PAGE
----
Access to Public Information, Defamation / Reputation
Aécio Neves da Cunha v. Twitter Brasil
Closed Expands Expression
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Justice Rapporteur Alexandre de Moraes of the Supreme Federal Court (STF) granted a preliminary injunction, suspending a Provisional Measure issued by Brazilian President Jair Bolsonaro in light of the spread of COVID-19. The Provisional Measure restricted provisions of the Access to Information Act suspending deadlines for public bodies to respond to information requests and demanding that information requests be presented again after the public crisis was over. The Federal Council of the Brazilian Bar Association (CFOAB) questioned the Provisional Measure, defending Brazilians’ right to access public information. Justice Rapporteur Alexandre de Moraes reasoned that the Provisional Measure would turn the exception – confidentiality of public information – into the rule, thus damaging the public administration principles of disclosure and transparency. Thereafter, the full session of STF confirmed the preliminary decision delivered by Justice Rapporteur Alexandre de Moraes.
Law no. 13,979/2020, published in Brazil on February 6 2,020, set forth several measures for the country to face the COVID-19 pandemic. On March 20, Legislative Decree no. 6/2020 officially declared a state of emergency in the country. Within this context, on March 23, Brazilian President Jair Bolsonaro issued the Provisional Measure no. 928/2020, which regulated requests for public information guaranteed by the Brazilian Access to Information Act (Law no. 12,527/2011) during the state of emergency.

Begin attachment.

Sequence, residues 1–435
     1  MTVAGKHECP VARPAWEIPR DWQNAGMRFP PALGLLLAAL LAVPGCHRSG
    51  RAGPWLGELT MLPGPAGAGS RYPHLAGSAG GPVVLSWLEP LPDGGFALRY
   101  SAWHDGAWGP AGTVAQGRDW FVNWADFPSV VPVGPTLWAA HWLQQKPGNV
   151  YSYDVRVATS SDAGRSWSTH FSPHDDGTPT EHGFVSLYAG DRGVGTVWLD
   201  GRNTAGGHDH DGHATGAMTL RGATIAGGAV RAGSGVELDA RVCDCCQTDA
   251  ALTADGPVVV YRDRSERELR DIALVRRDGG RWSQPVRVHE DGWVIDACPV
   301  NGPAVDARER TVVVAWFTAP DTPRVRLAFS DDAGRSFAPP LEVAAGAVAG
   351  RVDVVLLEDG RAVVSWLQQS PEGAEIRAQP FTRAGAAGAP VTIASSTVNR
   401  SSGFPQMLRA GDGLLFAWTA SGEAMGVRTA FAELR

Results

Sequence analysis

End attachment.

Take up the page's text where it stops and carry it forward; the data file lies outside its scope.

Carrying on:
Provisional Measure no. 928/2020 suspended the deadlines for responding to information requests by public administration bodies or entities whose employees usually relied on face-to-face contact with the public but were now subjected to quarantine, working from home or similar. The suspension also applied to public agents or sectors primarily concerned with measures to deal with the emergency situation caused by the spread of COVID-19. Moreover, the Provisional Measure demanded pending requests to be presented again after the state of public crisis was over and ruled out the possibility of appealing against negative responses to information requests.
As a result, the CFOAB argued that the Provisional Measure no. 928/2020 was formally unconstitutional, as it failed to respect the separation of powers and did not meet the relevance and urgency requirements which are necessary for the issue of Provisional Measures. Additionally, CFOAB considered the measure materially unconstitutional, since it restricted the rights to information, transparency and disclosure of public information. Thus, CFOAB filed a Direct Unconstitutionality Action with an injunction request before the STF.